Married life is leaving me with tons of things on my to-do list. I have a list of blog posts to write since late August that I still haven’t written and I still have books waiting to be read. My old single life had weekends to relax and do things but my new married life has weekends for chores and responsibilities. I love it, I really do but sometimes, I do miss my single life – especially when I see my blog and all my books slowly being forgotten because real life needs to be lived.
I must say that this is the book that has caused me to stop reading. It took me three months to finish this short book. The whole plot was okay everything else felt lacking and was definitely a miss for me.
I’ve never read anything from Gillian Flynn before this. In fact, I’ve only watched Gone Girl. I wasn’t sure what to expect when I picked Sharp Objects as my next read. I just knew I was in for a thrill if I was to going to use Gone Girl as a gauge.
Basing from the title itself, I knew I was going to have mixed feelings about this book. I don’t take death lightly. I don’t even want to talk about it. Blame it on the fact that I lost a parent and it still hurts. It’s been 2+ years but the pain is still there. Death is a heavy topic and I don’t want to talk or read about it unless it’s actually worth my time.
On September 5, a little after midnight, Death-Cast calls Mateo Torrez and Rufus Emeterio to give them some bad news: They’re going to die today.
Mateo and Rufus are total strangers, but, for different reasons, they’re both looking to make a new friend on their End Day. The good news: There’s an app for that. It’s called the Last Friend, and through it, Rufus and Mateo are about to meet up for one last great adventure—to live a lifetime in a single day. –Goodreads
This book is as predictable as it can get. I mean, the title alone tells you the ending. They both die at the end. But before they die, they get to really live on their last day by doing things they wish they would’ve done sooner. It’s a typical YOLO story. It reminds us to start living, get out of comfort zones, do the things we most want to do and just live!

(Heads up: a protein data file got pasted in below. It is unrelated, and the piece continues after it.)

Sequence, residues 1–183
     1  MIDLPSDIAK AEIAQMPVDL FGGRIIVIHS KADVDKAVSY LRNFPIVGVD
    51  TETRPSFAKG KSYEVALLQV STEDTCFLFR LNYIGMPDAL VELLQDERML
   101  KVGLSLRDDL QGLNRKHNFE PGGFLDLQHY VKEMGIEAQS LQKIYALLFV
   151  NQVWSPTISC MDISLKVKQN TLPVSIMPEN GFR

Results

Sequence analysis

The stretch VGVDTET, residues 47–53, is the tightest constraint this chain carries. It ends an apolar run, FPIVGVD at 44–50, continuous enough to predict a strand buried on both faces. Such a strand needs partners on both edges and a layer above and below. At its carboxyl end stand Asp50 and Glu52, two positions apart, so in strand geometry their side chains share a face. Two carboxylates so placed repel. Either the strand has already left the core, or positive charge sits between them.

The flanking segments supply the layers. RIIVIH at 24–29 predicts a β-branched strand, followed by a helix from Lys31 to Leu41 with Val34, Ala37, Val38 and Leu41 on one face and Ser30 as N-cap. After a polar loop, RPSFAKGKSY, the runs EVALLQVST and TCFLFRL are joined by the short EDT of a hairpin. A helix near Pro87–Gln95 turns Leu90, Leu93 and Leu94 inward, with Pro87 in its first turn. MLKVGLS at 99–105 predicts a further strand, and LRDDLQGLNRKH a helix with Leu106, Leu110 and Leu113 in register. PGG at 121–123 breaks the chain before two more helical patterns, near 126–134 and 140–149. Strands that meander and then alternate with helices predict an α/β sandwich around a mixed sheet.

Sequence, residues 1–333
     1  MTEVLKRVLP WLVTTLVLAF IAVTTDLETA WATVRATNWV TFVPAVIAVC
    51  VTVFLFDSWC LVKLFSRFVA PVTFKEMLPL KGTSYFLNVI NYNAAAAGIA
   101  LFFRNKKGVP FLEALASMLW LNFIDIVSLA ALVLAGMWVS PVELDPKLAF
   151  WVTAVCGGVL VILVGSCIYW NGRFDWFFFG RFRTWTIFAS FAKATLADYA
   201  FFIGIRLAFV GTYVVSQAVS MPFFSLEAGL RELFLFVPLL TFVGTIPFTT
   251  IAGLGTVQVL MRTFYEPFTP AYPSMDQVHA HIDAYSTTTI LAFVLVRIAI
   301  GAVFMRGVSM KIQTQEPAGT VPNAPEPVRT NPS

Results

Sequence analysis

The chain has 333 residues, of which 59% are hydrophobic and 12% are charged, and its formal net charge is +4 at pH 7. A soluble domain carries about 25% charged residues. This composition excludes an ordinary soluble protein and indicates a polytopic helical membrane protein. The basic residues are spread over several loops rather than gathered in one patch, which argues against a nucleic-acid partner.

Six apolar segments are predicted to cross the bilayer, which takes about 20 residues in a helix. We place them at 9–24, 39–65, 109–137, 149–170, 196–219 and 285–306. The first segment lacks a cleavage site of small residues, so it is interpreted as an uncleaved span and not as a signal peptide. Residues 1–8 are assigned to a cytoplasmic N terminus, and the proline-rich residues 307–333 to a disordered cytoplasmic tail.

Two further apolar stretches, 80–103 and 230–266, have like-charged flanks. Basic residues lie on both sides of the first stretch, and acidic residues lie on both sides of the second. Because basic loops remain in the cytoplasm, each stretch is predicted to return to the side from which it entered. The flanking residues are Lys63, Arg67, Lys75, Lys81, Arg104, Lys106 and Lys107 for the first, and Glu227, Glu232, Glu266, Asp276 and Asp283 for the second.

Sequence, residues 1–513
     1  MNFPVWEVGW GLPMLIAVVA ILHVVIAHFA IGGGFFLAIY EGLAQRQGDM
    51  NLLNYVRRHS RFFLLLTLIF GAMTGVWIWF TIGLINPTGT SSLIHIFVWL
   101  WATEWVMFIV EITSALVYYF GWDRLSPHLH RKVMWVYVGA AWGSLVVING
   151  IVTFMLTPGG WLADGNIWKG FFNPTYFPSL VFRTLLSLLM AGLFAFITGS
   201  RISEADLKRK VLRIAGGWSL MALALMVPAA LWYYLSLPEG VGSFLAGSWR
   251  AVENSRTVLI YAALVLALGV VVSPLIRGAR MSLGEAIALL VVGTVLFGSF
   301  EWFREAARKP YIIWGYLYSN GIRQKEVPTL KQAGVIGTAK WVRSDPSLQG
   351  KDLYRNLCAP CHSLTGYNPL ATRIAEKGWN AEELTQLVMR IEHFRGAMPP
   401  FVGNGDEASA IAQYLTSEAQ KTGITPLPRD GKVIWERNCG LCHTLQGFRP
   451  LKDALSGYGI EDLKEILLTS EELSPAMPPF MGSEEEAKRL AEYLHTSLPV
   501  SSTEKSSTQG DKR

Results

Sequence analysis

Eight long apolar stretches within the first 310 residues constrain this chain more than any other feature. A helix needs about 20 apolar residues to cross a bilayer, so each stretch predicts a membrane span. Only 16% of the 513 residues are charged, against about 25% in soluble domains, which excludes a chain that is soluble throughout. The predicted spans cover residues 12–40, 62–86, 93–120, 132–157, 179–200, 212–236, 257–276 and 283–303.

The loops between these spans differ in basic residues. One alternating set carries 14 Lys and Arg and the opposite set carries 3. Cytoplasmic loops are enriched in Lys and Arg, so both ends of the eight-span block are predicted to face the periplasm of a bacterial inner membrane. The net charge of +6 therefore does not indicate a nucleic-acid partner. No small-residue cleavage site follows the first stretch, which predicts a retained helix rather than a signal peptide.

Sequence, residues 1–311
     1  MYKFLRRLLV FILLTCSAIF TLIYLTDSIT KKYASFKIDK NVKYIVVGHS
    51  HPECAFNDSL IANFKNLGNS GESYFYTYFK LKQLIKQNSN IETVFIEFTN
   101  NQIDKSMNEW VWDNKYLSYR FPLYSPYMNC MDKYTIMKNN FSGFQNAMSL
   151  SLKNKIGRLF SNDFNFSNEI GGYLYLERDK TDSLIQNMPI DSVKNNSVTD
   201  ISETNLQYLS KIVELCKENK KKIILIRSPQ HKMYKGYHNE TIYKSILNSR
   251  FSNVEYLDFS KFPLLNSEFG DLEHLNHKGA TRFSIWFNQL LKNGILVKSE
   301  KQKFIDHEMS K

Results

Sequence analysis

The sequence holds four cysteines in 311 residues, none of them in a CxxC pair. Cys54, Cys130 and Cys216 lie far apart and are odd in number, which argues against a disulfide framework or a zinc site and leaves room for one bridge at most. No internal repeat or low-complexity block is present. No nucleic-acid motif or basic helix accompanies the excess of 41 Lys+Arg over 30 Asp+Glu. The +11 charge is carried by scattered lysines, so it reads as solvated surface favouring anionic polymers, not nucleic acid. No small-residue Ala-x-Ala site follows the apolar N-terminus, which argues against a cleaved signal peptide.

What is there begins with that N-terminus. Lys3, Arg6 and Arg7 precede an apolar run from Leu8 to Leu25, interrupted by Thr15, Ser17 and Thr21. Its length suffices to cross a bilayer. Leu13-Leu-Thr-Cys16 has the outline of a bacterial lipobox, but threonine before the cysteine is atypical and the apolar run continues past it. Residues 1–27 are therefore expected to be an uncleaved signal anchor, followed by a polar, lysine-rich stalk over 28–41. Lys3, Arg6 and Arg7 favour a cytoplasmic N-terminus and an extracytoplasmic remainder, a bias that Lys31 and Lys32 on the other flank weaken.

The whole moral story is amazing. One I wish everyone knew and try to live by. However, lately, that’s not the message I want to share or read about. As amazing as it is to live how Rufus and Mateo lived on their last day, personally, I think living should be done with purpose. It’s not just doing things that scare us or saying things we should say or visiting places we might not see tomorrow. It’s about living a life with meaning, with a clear goal in mind, with the right set of attitudes and principles.
What the book is trying to tell it’s readers is the typical formula for life but I want something deeper. I want something profound. Something that would tug at the very core of my existence and not just tell me things I already know.
So yes, the book is good. It reminds us how to live and just go for it. It’s a story about life, love, and friendship. It tells us that we create our own destinies. It reminds us to give ourselves that little push we all need (or push others to live). It also definitely puts life into perspective. It made me reflect on life and what else I can do differently. It’s the usual reminders we all need to hear because we all think we will all live until the end. That’s just it though. A reminder to live. For me at least, the message to live is not enough. There has to be more. How are we supposed to live? What’s the best way to live besides doing things we wished we did sooner? No book can give us the answers but a book I prefer to read should enlighten me on these questions.
Despite my mixed feelings about this book, I still would recommend the book to everyone. It’s still a great read. A perfect start to finding your own way to live. It’s not what I need in my journey (because I feel like I already know this and try to live by it) but it still packs the punch we all need.